Dec 03, 2010 —

Gihan Perera, Executive Director of Florida New Majority, was featured in a Miami Herald article today about unemployment in Florida. Over 100,000 unemployed Floridians will run out of their benefits this week with no opportunity to reinstate them unless Congress approves of more federal extensions.

As Gihan puts it: “This is class warfare. Middle class and working people are being held hostage.”With their only lifeline cut off, Floridians will have nowhere to turn, and no form of steady income to afford bare essentials needed to survive. Please read the article and share it with your loved ones.

If you know anyone who is collecting unemployment benefits who would like to share their story with us, please contact Jessica Somerhausen at This e-mail address is being protected from spambots. You need JavaScript enabled to view it .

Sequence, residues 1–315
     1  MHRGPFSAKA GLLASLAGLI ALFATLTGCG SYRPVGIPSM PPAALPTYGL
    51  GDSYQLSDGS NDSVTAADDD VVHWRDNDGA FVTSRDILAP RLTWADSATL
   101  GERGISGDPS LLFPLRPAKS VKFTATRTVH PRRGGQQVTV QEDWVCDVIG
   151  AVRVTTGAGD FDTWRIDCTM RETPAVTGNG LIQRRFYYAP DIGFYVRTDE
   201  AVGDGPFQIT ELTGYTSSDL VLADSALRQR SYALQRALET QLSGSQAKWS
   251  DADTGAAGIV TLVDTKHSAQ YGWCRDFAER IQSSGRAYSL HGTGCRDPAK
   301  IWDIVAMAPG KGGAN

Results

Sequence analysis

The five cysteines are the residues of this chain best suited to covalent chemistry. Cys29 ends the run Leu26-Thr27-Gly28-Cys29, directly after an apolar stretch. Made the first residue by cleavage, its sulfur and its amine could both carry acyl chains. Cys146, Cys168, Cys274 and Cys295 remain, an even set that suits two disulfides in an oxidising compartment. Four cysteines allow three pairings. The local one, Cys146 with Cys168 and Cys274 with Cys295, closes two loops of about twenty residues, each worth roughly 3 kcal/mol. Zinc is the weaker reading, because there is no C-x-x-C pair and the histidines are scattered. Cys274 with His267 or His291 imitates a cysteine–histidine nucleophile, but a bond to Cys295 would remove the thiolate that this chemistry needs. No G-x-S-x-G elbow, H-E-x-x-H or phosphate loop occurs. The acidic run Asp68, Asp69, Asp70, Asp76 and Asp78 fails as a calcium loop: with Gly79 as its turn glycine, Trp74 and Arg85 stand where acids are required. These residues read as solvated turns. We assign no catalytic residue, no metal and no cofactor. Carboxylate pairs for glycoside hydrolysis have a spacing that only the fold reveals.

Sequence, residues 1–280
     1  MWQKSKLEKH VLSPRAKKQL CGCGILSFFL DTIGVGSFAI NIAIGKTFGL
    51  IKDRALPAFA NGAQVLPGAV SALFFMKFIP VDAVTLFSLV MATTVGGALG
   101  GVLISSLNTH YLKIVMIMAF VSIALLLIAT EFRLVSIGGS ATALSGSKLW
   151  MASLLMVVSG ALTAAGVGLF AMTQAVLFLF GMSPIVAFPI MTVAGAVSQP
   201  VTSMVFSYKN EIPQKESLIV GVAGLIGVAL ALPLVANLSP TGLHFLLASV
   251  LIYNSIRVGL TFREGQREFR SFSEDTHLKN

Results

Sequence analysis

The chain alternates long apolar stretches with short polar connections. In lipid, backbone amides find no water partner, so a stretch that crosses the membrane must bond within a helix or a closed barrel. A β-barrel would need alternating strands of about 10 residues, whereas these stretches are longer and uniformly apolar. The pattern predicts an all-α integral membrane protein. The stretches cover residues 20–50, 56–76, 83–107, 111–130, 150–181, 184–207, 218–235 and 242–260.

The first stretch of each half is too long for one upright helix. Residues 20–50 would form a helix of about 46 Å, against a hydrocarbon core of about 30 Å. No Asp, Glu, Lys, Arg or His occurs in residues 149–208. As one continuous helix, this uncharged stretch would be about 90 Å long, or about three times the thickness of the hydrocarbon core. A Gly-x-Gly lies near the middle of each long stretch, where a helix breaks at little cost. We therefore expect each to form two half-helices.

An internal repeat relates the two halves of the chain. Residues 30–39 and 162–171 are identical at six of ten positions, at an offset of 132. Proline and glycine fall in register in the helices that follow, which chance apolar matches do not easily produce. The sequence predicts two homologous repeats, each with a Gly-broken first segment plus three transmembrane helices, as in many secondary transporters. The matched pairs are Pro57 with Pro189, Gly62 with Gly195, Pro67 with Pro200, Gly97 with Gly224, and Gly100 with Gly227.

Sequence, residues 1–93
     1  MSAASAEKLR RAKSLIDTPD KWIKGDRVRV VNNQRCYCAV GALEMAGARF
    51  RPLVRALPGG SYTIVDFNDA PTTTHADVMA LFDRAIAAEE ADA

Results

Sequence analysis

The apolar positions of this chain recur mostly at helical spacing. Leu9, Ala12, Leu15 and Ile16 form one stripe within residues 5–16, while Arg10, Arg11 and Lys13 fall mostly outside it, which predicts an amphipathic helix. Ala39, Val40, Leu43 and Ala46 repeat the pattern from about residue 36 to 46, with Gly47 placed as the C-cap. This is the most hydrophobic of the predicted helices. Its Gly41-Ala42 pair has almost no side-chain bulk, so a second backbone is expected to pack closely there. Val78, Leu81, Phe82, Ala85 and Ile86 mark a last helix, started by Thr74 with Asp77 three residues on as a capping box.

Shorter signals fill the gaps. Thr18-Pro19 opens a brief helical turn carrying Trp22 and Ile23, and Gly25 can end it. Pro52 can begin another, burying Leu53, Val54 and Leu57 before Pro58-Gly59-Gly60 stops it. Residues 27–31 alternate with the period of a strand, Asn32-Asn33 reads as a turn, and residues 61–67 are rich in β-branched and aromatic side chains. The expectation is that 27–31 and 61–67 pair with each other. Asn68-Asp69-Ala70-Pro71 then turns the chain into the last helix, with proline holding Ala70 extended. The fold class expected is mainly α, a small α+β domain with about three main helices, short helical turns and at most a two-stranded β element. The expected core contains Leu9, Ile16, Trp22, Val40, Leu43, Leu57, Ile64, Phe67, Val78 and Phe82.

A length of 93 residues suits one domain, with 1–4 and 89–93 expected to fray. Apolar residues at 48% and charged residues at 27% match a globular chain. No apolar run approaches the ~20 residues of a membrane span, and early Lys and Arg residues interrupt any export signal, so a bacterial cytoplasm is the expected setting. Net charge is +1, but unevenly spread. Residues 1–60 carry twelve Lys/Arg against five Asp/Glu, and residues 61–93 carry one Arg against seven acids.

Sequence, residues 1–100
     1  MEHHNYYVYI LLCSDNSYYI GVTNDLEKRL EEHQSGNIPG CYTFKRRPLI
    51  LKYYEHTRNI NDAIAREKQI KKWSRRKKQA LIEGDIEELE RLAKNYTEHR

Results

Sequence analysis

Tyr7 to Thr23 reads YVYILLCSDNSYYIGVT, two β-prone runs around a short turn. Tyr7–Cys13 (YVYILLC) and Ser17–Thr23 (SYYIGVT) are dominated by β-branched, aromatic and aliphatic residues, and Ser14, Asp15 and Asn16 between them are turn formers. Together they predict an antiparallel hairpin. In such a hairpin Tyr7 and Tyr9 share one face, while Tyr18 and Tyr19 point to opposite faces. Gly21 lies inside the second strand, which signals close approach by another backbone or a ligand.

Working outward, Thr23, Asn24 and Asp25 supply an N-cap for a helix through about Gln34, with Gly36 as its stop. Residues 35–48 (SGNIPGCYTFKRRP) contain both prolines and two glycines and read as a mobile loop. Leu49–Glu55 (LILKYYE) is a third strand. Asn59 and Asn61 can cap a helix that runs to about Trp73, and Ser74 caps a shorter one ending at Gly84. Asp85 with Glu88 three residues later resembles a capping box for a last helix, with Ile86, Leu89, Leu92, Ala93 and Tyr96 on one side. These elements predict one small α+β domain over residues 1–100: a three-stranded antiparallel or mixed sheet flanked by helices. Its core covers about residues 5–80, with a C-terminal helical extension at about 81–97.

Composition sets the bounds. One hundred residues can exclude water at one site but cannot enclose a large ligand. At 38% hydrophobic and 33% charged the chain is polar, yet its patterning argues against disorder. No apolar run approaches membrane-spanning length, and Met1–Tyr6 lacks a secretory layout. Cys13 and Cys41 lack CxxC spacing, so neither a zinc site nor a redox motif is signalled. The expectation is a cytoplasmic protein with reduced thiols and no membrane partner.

An advocacy group for the unemployed warned that nearly two million Americans will soon be without jobless benefits.

BY MARCIA HEROUX POUNDS

SUN SENTINEL

With two million Americans poised to lose jobless benefits starting this week, the Obama administration is pushing Congress to pair an extension of unemployment aid with a deal to also extend the Bush-era tax cuts.

Because the aid program lapsed Tuesday, more than 107,500 unemployed workers in Florida are losing their jobless benefits, according to National Employment Law Project, an advocacy group for the unemployed.

Nearly two million unemployed Americans will run out of benefits over the holidays, the group said.

Now, Floridians who lose their jobs will only be able to access 26 weeks of regular state unemployment benefits.

During the recession, up to 79 weeks of federal emergency benefits have been available to many unemployed workers in the state.

The group being cut off from benefits includes nearly 34,000 Floridians who have only had six months of regular unemployment compensation.

Activist Gihan Perera heads a Miami group that pushes for extended unemployment benefits. His organization, Florida New Majority, works with unemployed residents who depend on the weekly checks — capped at $300 in Florida — to keep their homes intact, he said.